To my knowledge, every single one of these big-money groups has the idea that it is very easy to fix big urban districts or rural districts where funding is lacking because poverty is rampant. When the results are sorted, after many millions later, well guess what: no improvement by the data they themselves hold up as the exemplars of "reform".
            To be polite, they can bite my ass.

            Think what you are doing today. -Fred Rogers

            by JanL on Wed Oct 20, 2010 at 04:13:55 PM PDT

            [ Parent ]

          •  Actually, on a closer read of the data (1+ / 0-)
            Recommended by:
            citizen k

            the largest investors appear to be small community banks.  Makes sense: they're not AMT-affected, the smaller investment levels fit the small bank profile, and they get Community Reinvestment Act credit for the investments.

            So if you wanna bash small community banks, be my guest.

  •  Well, among other things... (1+ / 0-)
    Recommended by:

    ... the movie demonstrates starkly that good teachers are invaluable.

    That many students and parents are frustrated and discouraged by the options (or lack thereof) available to them.

    That a great education should be available to all, and shouldn't be subject to a roll of the dice (or a lottery ball) -- and that the alternative presented by some charter schools (for example) should be more widely available to all those
    who desire them. (The fact that these lotteries are many times oversubscribed demonstrates that there is clearly demand for the approach they offer.)

    I don't believe, though, that charter schools are the answer (as the movie suggests), but rather a necessary component of an educational system that seeks to meet the needs of all its constituents.

    "We have so much time and so little to do. Strike that, reverse it." -- Willy Wonka

    by Huginn and Muninn on Wed Oct 20, 2010 at 03:47:32 PM PDT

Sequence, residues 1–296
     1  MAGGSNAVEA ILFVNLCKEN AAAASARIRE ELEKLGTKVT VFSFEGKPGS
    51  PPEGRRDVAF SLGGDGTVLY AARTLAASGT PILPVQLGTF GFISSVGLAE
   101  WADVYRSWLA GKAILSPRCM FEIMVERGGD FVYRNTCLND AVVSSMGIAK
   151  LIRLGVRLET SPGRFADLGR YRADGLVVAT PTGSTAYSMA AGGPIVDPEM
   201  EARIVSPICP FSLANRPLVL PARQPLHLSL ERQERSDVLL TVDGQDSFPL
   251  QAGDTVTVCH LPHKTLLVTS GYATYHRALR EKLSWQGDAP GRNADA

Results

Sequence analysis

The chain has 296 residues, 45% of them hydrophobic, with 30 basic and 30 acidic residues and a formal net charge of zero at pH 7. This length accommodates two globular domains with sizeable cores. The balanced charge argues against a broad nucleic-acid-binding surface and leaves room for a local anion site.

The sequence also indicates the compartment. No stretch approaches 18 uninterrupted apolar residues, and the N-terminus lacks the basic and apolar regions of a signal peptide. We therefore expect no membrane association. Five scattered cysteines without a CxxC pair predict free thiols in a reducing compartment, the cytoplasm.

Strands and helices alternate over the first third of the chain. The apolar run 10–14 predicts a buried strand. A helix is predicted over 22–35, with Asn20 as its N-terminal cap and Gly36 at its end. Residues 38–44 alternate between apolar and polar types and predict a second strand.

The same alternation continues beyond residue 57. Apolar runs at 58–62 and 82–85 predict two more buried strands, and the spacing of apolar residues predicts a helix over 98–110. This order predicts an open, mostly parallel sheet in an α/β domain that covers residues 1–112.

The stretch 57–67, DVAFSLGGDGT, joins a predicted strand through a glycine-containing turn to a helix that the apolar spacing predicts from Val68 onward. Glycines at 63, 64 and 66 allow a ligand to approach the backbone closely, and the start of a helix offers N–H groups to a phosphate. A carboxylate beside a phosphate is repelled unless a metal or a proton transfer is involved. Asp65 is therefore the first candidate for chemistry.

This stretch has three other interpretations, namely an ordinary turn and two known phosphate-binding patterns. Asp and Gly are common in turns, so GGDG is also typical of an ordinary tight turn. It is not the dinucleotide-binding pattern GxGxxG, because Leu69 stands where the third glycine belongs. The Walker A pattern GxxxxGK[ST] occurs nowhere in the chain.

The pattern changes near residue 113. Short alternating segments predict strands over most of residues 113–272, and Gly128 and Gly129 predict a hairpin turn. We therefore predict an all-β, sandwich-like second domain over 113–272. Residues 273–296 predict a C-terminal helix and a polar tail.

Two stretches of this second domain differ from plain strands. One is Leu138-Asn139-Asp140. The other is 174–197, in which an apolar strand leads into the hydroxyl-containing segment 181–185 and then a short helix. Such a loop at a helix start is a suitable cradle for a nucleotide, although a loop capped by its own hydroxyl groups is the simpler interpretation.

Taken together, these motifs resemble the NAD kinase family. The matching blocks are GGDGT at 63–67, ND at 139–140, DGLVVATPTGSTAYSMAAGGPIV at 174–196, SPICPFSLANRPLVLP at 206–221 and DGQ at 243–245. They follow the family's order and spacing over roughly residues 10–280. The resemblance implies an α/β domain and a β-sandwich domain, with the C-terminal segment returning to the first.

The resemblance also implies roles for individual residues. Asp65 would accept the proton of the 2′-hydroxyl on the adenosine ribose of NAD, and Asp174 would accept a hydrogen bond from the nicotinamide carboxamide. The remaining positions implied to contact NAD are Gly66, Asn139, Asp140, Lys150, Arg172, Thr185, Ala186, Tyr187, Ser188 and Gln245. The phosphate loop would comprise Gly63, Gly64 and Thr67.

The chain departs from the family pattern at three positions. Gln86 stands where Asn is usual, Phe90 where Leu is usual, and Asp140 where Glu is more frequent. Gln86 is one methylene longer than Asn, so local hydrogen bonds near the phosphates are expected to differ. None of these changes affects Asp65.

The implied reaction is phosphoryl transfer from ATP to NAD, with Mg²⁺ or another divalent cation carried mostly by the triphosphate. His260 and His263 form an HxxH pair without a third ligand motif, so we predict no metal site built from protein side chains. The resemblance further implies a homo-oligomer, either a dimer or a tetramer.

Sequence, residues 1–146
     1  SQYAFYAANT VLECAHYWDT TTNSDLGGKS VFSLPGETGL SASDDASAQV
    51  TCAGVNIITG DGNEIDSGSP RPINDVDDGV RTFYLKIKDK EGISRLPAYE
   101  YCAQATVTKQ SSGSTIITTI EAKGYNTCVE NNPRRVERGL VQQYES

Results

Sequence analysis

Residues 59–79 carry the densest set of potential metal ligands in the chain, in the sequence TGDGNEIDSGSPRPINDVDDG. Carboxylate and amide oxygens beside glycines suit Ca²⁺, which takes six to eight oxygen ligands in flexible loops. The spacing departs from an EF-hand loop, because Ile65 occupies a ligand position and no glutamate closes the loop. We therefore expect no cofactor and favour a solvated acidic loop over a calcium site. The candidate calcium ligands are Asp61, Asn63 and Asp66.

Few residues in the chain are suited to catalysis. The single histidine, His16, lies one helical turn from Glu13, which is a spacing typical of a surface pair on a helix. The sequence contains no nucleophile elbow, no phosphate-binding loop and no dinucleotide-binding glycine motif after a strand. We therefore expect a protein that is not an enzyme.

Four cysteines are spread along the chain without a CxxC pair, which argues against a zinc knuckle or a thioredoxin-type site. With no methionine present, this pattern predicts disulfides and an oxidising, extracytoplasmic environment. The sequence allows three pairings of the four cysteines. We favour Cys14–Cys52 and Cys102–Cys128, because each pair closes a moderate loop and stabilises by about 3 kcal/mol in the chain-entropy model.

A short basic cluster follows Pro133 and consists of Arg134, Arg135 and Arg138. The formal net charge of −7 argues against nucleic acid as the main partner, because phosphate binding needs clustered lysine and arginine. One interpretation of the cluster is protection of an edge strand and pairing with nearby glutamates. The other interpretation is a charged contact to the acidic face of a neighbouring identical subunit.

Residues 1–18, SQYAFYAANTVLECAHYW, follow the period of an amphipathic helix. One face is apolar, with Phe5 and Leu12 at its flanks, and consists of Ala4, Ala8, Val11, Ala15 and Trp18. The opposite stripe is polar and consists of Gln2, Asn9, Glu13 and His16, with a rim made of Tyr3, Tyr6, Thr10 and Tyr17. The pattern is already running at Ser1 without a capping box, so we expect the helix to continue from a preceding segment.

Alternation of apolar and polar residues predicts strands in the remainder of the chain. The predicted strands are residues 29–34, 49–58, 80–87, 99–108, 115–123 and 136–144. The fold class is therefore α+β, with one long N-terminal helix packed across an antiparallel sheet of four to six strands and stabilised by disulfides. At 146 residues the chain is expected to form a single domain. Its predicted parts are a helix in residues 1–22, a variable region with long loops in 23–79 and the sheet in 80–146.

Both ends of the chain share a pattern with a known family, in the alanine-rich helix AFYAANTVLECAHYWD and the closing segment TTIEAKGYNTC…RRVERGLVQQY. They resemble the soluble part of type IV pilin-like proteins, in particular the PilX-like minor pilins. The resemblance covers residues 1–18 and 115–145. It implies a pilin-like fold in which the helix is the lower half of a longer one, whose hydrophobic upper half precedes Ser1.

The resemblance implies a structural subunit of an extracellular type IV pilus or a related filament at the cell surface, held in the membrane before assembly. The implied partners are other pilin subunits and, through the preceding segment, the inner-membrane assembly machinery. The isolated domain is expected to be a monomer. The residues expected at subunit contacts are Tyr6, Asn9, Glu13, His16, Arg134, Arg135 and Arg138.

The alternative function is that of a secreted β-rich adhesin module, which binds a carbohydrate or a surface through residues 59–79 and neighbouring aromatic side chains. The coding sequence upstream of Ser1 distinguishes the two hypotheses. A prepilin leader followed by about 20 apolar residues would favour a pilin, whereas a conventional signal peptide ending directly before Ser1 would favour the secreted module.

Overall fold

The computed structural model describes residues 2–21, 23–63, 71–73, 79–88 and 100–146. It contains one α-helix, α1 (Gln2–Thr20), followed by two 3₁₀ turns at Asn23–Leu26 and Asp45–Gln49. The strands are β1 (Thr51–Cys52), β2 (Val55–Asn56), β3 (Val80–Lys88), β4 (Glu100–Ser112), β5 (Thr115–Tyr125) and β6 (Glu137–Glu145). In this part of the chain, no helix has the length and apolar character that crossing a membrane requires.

•  I don't know about the (7+ / 0-)

    right wing part but it's sure as hell propaganda for the by-partisan, privatizing, corporatizing, for profit, No Child's Ass Left Behind, free market, union busting, class warring, people pols, and corporations. they want public education to be like our prisons, health care and any thing lelse they can get there greedy hands on for and by the owners of the place and profitable.        

  •  Kneejerk (6+ / 0-)

    I find this diary and a lot of comments pretty kneejerk reactions. I saw the film last night and I think it made a pretty good case against some of the entrenched systemic failings in public education.  There was a wealth of statistics to back up the findings presented and most of the commenters, (Jonathan Alter for one) are certainly of the liberal persuasion. I teach at University and have taught high schoolers and grade schoolers. The reason so many teachers leave within the first 5 years is that it is a hard job and if you're not good at it, you find out real fast. But I for one think the system that awards tenure to public school teachers after 2 years, adamantly opposes any form of merit pay, and makes it impossible to punish incompetency is beyond ridiculous. We wouldn't accept these conditions in contract negotiations with our trash men, why should we incentivize mediocrity for those who are responsible for our most valuable asset, our children. A bad teacher is poison and a good teacher's work will show in a student for years after that student has moved on. I am a member of three unions but I don't think that we have to automatically defend policies that are short sighted and fly in the face of reason. People we DO have a problem here.

  •  It's not an either/or thing. (2+ / 0-)
    Recommended by:
    elfling, Huginn and Muninn

    First - let me state that I am unabashedly, unambiguously a union supporter, period. I vote union, support unions, don't cross picket lines, and have walked lines with striking workers. I'm NOT anti-union. I also invariably vote to tax myself more for schools at any opportunity.

    I went to see the movie with a few folks, including the Kid, and also including a close friend who is a teacher (CTA/NEA).

    Some of it was factually abysmal - getting rid of the lowest 20% performing teachers (however that is determined) and replacing them with the same number of "average" teachers will suddenly give us Finland's educational system. Kids there grow up trilingual. The curriculum is different, the culture is different - that part just made me roll my eyes. Too trite and simple - did he really think people would believe that?